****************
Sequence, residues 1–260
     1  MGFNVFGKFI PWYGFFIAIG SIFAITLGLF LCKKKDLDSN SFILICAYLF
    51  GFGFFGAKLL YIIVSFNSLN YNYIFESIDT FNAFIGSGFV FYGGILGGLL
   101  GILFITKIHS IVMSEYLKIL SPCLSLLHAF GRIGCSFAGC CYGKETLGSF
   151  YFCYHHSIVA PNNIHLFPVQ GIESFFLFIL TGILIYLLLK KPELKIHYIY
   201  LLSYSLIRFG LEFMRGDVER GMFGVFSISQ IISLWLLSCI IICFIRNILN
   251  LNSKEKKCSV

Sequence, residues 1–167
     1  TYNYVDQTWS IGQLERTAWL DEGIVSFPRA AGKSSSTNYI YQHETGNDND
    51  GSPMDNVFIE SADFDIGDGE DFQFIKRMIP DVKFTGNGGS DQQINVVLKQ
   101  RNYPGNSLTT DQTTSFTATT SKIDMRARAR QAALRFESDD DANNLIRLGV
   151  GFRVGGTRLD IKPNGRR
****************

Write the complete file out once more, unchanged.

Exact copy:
Sequence, residues 1–260
     1  MGFNVFGKFI PWYGFFIAIG SIFAITLGLF LCKKKDLDSN SFILICAYLF
    51  GFGFFGAKLL YIIVSFNSLN YNYIFESIDT FNAFIGSGFV FYGGILGGLL
   101  GILFITKIHS IVMSEYLKIL SPCLSLLHAF GRIGCSFAGC CYGKETLGSF
   151  YFCYHHSIVA PNNIHLFPVQ GIESFFLFIL TGILIYLLLK KPELKIHYIY
   201  LLSYSLIRFG LEFMRGDVER GMFGVFSISQ IISLWLLSCI IICFIRNILN
   251  LNSKEKKCSV

Sequence, residues 1–167
     1  TYNYVDQTWS IGQLERTAWL DEGIVSFPRA AGKSSSTNYI YQHETGNDND
    51  GSPMDNVFIE SADFDIGDGE DFQFIKRMIP DVKFTGNGGS DQQINVVLKQ
   101  RNYPGNSLTT DQTTSFTATT SKIDMRARAR QAALRFESDD DANNLIRLGV
   151  GFRVGGTRLD IKPNGRR